Montpelier Parade by Karl Geary #readingirelandmonth19

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It is the 1980s in Dublin and Sonny Knolls is 16 years old. A schoolboy possessed of good looks but little opportunity, he works part-time for the local butcher and occasionally helps his Dad, a labourer, on the weekends.

Sonny is a sensitive boy in a world where sensitivity is not in favour. The tough working-class environment he lives in is one where emotions are distrusted and therefore contained. His father gambles and his mother is forever at the kitchen sink – ‘peeling, always peeling’ – feeding Sonny and his five older brothers. Sonny takes refuge in his moments alone in the outside toilet and with and drinking when he can with his only friend Sharon. Sharon feels equally lost, and tries to find self-worth through male attention.

Bordering the world of child and man, Sonny feels lost and hopeless, drinking when he can afford it and avoiding his cramped home-life.

Inside of you a howl of feeling started, just under the surface. An alone feeling you couldn’t keep from yourself

His job at the butcher’s is not what he wants, but is what he has come to expect. At a meeting with a career’s teacher, he mentions a wish to be a painter and is applauded for his ambition in the house decoration business.

Books were not for boys who cut meat

He knows he is at the point in life where he needs to grow up but he cannot see a path ahead. His strongest relationship is with his mother, but she has no time to for him now he is growing older.

Not so many years ago you would race home to her after school, just to know she was alive and hadn’t left you in that house of men, without a soft thing in the world.

The ‘soft thing’ Sonny yearns for – love – arrives where he least expects it. While helping his father with a labouring job on the affluent Montpelier Parade, he meets Vera. Vera is an older woman living alone in a large Georgian house filled with books and music. She is wealthy and intelligent and an unlikely affair ensures.

Geary handles this romance with enough delicacy and nuance as to make it entirely believable. Vera shows Sonny a world that he could never have imagined – a world of culture, literature and comfort. What Vera sees in Sonny is less obvious to begin with and for a while, the thing that seems to draw them to each other is a shared experience of pain and loneliness. When the true nature of Vera’s involvement with Sonny becomes apparent, the revelation is heartbreaking rather than sensationalist.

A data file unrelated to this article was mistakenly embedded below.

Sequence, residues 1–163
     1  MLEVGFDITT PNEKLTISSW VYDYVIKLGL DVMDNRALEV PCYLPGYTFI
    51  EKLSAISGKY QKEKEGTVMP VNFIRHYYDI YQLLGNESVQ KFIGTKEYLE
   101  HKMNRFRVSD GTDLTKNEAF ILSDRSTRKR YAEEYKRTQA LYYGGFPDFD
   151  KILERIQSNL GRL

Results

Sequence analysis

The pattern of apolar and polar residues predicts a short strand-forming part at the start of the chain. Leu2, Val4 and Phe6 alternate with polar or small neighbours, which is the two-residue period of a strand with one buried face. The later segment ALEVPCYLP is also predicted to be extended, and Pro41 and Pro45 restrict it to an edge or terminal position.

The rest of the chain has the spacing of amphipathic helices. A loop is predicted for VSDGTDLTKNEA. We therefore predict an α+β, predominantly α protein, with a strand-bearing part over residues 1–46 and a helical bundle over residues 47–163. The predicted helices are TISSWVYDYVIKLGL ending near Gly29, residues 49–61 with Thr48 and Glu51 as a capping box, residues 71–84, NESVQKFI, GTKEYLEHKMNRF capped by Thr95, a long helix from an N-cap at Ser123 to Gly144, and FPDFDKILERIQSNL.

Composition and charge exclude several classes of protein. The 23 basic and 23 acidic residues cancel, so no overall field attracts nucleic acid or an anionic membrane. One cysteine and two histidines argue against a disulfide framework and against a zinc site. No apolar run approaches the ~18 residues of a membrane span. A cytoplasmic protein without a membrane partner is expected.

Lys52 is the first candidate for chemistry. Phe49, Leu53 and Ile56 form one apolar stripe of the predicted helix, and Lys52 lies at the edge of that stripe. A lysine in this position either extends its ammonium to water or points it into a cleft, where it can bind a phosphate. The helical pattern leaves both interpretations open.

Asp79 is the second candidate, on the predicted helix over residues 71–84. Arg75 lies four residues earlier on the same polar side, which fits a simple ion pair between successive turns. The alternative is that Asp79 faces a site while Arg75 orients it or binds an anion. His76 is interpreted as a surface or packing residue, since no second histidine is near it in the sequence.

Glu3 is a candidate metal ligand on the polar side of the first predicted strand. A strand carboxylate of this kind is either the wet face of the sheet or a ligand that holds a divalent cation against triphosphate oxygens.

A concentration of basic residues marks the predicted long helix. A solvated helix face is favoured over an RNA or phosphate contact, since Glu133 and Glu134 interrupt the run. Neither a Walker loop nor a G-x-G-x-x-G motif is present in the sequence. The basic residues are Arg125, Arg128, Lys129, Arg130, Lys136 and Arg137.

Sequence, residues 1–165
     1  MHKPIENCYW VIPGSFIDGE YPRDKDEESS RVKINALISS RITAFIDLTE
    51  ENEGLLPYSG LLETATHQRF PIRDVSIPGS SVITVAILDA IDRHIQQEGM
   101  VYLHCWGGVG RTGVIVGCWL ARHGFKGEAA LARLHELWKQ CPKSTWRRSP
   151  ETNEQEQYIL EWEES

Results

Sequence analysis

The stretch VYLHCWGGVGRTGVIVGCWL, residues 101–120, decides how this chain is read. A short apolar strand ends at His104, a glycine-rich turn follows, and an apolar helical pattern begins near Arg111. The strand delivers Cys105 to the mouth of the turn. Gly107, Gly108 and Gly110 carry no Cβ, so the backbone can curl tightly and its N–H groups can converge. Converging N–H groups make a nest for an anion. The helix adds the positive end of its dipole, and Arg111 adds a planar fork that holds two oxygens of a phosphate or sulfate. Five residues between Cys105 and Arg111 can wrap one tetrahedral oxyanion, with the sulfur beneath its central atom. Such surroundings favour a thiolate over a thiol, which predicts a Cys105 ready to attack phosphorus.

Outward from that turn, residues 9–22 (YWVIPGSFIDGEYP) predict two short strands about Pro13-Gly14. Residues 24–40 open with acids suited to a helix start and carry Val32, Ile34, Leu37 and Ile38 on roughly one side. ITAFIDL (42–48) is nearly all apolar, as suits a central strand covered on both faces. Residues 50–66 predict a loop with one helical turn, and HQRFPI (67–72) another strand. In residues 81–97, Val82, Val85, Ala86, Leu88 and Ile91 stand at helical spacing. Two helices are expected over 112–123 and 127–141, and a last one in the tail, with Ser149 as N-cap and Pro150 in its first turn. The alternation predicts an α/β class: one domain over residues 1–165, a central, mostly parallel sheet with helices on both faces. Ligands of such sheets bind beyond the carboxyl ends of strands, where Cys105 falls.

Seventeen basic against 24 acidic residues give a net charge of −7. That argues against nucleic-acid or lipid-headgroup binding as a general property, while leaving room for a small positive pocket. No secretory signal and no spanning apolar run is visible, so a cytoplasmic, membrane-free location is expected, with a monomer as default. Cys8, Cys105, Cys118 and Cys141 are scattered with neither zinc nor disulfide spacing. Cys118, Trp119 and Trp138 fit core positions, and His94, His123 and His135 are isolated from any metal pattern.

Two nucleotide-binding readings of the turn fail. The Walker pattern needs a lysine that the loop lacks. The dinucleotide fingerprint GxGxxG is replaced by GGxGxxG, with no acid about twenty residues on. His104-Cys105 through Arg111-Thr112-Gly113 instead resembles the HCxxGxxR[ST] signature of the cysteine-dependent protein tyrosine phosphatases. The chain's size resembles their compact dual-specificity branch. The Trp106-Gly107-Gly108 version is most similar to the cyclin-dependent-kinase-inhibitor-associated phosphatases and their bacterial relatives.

I think years from now you’ll understand this and hate me for it

Love and hate are closely entwined in this relationship, as are sex and death. A sense of foreboding lingers over the novel from the beginning, when Sonny sees a customer knocked down by a van outside the butcher’s shop. The image of the corpse later haunts Sonny while he masturbates – an ominous metaphor for what is to come.

It was the sorry that was deeper inside you and made you heavy and sad and think that it would be nice to be asleep or somewhere else.

The intimate second person narrative voice works extremely well here. The reader is inside Sonny’s head as he struggles to articulate his new and unimaginable feelings without the proper vocabulary. It is clear that he has found himself in a situation where he is completely out of his depth, more than aware of the social and intellectual gulf between himself and Vera – ‘she had to dim herself down so you could see’. On some level, he is aware that their relationship can be nothing but finite. That Vera is a mother figure to Sonny is clear from the beginning and as he grows away from his own mother, he grows closer to Vera, hoping to bring her a comfort he cannot bring to his own mother.

You were the hero in your dream of saving her, even with everything you didn’t know about her.

You had often thought of saving your mother, but saw how you had given up being her hero.

Sonny’s voice is perfectly pitched and Geary is adept at presenting well-rounded believable characters. Vera is not presented as an idealised femme fatale; she can be cold and cruel. Sharon too provides a realistic counterpoint to Vera – she is the sharp impetuous girl that Sonny should probably be with but never will. Sharon provides some light relief in what is an often dark story. We know there can be no happy conclusion for Sonny and Vera, but that does not detract from the beauty and honesty at the centre of their unusual relationship.

There was a great burning at the centre of you, and the world was somewhere else.

Montpelier Parade is an assured debut – a dark improbable romance that is subtle and moving, with rich characterisation and it marks Geary out as a writer to watch.


About the Author:

Karl Geary was born in Dublin, and moved to New York City at age sixteen. He co-founded two East Village institutions, the music venue Sin-e, and later the Scratcher.

Karl Geary

He has worked as a scriptwriter (Coney Island Baby), and an actor (Michael Almereyda’s Hamlet, and Ken Loach’s Jimmy’s Hall), and has adapted and directed Dorothy Parker’s You Were Perfectly Fine for the screen.

He lives in Glasgow with his wife, the actor Laura Fraser and their daughter.
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